Chinese trade negotiators suddenly canceled a visit to meet U.S. farmers after they wrapped up trade talks in Washington this week.Marketsread more
President Trump also said he is "not looking for a partial deal" with Beijing, moving away from his suggestion last week that he would consider an "interim deal."Politicsread more
Progress on trade talks will determine how far market will move above new highs.Trader Talk with Bob Pisaniread more
For investors taking a breather from the chaos in August, buckle up as the market is about go crazy again, Goldman Sachs warned.Marketsread more
The Patriots released Antonio Brown only 11 days after signing the wide receiver.Sportsread more
The Wall Street Journal's report came as a top Ukraine official said President Donald Trump "is looking" for Ukraine officials to investigate business dealings of Biden's son...Politicsread more
Gun maker Colt announced Thursday that it will halt its production of AR-15 rifles for civilian sales, but the news might not be as exciting for gun control advocates as it...Guns and Weaponsread more
As thousands of people across the world participate in the Global Climate Strike, several Democratic presidential candidates have shared how they will take aggressive action...Scienceread more
With "tariff man" President Trump waging a tariff war and Democratic candidates pushing against big international deals, free trade has become politically homeless, writes...2020 Electionsread more
Canadian trade union Unifor said roughly 4,500 of its members have been temporarily laid off because of the GM strike so far.Autosread more
Since the Cambridge Analytica scandal in March 2018, Facebook has suspended tens of thousands of apps stemming from an investigation into its developer ecosystem.Technologyread more
Tesco – the U.K.'s largest retailer by sales – has admitted that it generated 28,500 tons of food waste in the first six months of this year, drawing attention to the huge amount of food thrown away by British supermarkets.
Some two-thirds of Tesco's bagged salads and just over half of its baked goods were wasted, according to the research, which was published on Monday by the supermarket and not-for-profit company Waste and Resources Action Programme (WRAP).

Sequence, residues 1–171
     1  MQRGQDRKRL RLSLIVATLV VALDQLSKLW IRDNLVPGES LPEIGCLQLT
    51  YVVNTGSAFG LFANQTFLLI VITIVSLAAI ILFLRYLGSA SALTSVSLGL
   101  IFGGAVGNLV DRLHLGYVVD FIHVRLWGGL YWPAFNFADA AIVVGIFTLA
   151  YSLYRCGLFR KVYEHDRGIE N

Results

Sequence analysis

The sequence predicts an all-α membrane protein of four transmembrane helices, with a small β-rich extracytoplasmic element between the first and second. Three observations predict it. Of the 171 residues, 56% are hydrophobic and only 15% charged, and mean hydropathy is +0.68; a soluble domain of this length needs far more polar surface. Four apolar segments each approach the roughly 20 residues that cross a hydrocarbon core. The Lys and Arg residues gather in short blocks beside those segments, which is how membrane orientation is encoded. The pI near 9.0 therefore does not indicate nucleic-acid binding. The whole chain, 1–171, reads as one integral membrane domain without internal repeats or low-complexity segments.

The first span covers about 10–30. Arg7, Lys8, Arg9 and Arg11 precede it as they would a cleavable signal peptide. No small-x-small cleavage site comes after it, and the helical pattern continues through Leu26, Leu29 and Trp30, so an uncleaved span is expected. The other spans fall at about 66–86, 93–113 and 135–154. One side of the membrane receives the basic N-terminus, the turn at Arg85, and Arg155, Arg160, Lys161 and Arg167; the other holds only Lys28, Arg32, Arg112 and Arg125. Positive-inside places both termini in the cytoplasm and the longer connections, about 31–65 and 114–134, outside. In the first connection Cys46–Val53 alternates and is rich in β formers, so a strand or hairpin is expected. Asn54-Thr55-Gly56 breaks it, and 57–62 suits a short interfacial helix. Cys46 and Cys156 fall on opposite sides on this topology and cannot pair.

Tesco tracked 25 of its bestselling products from farms to consumers' homes as part of the study, which also revealed that 40 percent of apples were wasted, and a fifth of all bananas were thrown away.
(Read more: Wal-Mart's UK storesparks coupon stampede)
But the 28,500 tons of food waste generated at Tesco's stores and distribution centers is part of a much larger problem, according to WRAP, which estimates that 15 million tons of food and drink is wasted each year across the U.K.
On their own, families generate some 7.2 million tons of this waste each year, WRAP said, and about 4.4 tons of that is avoidable. Tesco estimates that amounts to some £700 per family per year being thrown out with the garbage.
"Food waste is a global issue and collaborative action is essential if we are to successfully reduce food waste and reap the financial and environmental benefits of doing so," Richard Swannell, director of WRAP, said.
(Read more: Tesco losing UK supermarket wars)
Cutting down on the amount of food that is thrown away would not have financial benefits for Britain's households, many of which are struggling with sluggish wage growth combined with rising food prices.
A reduction in food waste would also save local authorities millions of pounds in waste disposal costs, according to WRAP, and deliver significant environmental benefits such as fewer large landfill sites and a reduced burden on natural resources such as water, which is used to produce food.
In an effort to deal with issue, Tesco pledged to remove the "display until" dates on fruit and vegetables and work with producers to identify longer-lasting fresh produce.
It also said it would review its promotions, and would end multi-buy offers of large bags of salad.
"Families are wasting an estimated £700 a year and we want to help them keep that money in their pockets, rather than throwing it in the bin," said Tesco's commercial director of food, Matt Simister.
"We're playing our part too and making changes to our processes and in store…We're working with our suppliers to try to cut waste at all stages of the journey from farm to fork."